“A Hero Ain’t Nothing But A Sandwich” is a book written by Alice Childress in 1973. The first page of the book says this: Benjie Johnson is thirteen, black, and well on his way to being hooked for good on heroin. A lot of people would like to help…” The story of Benjie Johnson is the story of a young boy, a family, and a neighborhood trying to salvage one soul from despair and early death due to drugs. It is an old story that it is as true today as it was when written almost 40 years ago. Only the “drug of choice” has changed. All the underling reasons for drug use, both legal and prescribed drugs, now a national epidemic, remain the same.

And so for Jeremy Lin, the newest NBA scoring sensation—you should be careful about hero worship. You should be careful about your adoring fans. After all, the word “fan” is short for “fanatics” meaning people who show irrational zeal, extreme and unscrupulous dedication, or excessive attachment to a person or cause. Be careful of fanatics!! I understand that Sarah Palin is now one of Lin’s fans. I say to Jeremy Lin, be very wary of the motivations of some of those who cheer you on. As Childress explained in her book, a sandwich is “something else” slapped between two slices of bread- meant to be eaten. With Jeremy Lin—I say here we go again—the public is “eating him up” for now. The same thing happened to Whitney Houston. The public “ate her up,” until her voice began to fail …until she did or said something else that her “adoring fans” found objectionable. Then they spit her out. Whitney Houston found herself sandwiched been the demands of fame and a longing to “just be” Whitney. Too many people wanted Whitney to “revive her singing career” as if she had nothing else to offer this world but her vocal cords. After years of singing maybe Whitney really wanted to teach school. Plenty of people move away from “stardom” to successful and happy “ordinary” lives and careers. Maybe Whitney just wanted to be ordinary. Who knows? What we do know is that American style hero worship does not allow “their stars” to “just be.” They are required to live their lives always “on stage,” always smiling and playing to audiences and cameras—always trying to please their worshippers. It is a dangerous and deadly game. Just ask Elvis Presley. Ask Janis Joplin, ask Amy Winehouse. Ask Tiger Woods. Ask any former “star” what it’s really like to “live for fan applause.” There is a passage at the end of “A Hero Ain’t Nothing But a Sandwich” that says this:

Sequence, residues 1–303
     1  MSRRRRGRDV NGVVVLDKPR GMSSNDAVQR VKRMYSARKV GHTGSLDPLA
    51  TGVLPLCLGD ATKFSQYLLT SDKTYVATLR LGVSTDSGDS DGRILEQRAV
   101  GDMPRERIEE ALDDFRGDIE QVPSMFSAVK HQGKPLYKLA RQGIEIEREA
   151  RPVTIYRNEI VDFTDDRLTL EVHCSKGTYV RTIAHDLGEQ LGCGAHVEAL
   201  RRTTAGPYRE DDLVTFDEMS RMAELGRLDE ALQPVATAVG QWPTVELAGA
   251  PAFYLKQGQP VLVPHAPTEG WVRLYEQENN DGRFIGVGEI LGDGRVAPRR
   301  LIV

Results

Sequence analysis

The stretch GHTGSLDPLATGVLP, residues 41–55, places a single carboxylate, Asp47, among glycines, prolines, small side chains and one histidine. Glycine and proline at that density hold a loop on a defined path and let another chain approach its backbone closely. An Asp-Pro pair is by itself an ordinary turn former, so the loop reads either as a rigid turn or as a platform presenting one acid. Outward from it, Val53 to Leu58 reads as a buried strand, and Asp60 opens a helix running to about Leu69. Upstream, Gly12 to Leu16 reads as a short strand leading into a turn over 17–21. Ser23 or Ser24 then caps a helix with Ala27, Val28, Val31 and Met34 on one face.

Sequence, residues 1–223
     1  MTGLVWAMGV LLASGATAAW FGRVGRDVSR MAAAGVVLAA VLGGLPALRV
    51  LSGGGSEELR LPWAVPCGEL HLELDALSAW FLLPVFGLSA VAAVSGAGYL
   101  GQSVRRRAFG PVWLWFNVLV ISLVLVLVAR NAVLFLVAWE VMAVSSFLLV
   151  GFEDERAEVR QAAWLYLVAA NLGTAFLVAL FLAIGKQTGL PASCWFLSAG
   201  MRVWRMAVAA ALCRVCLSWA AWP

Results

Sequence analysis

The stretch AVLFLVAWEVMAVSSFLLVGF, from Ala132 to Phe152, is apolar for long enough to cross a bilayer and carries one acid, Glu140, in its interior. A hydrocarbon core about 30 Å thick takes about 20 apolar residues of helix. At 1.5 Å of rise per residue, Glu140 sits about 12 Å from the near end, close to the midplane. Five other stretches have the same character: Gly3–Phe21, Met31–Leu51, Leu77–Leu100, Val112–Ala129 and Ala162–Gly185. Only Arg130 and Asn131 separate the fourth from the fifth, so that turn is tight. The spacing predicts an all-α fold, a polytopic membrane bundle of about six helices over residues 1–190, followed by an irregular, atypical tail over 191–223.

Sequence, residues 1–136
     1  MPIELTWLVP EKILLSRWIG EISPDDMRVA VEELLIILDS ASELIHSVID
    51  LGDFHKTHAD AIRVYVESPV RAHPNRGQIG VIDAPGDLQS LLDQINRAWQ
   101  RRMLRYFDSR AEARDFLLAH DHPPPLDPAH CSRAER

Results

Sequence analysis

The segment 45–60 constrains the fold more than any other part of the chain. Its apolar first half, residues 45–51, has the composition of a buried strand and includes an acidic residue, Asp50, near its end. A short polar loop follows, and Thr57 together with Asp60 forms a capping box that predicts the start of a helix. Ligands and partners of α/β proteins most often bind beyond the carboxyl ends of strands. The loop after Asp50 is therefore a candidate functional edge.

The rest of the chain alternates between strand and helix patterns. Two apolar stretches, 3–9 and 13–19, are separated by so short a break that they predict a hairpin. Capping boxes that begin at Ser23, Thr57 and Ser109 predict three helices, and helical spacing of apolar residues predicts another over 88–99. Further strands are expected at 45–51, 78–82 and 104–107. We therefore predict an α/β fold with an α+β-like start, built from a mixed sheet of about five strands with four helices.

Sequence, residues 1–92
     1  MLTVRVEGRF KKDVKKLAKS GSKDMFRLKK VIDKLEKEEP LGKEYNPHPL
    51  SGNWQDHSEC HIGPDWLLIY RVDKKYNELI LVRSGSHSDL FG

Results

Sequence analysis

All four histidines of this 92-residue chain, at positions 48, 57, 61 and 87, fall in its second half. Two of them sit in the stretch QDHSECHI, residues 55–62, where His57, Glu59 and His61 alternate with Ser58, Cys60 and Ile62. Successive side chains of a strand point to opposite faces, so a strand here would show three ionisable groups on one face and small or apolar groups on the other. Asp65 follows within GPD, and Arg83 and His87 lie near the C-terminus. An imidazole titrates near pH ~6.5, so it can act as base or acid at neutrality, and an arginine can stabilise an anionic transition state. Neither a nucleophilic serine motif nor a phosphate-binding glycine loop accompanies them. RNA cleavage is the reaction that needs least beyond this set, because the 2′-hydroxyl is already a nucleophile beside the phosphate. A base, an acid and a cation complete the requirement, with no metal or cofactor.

“I gave the adviser some advice. I say, “Some these big-time, celebrity-high-lifers can’t take care of themselves, they in as much trouble as you and Benjie.” So explain me no heroes. Yeah, and some of our neighborhood success stories are living off of Benjie’s veins, while they riding around in limousines and grandstanding to win everybody’s admiration.”

Rest in Peace Whitney Elizabeth Houston.

Copyright 2012 – L. Arthalia Cravin. All rights Reserved. No part of this commentary may be reproduced, stored in a retrieval system, or transmitted by any means, electronic, mechanical, photocopying, recording, or otherwise, without written permission from the author.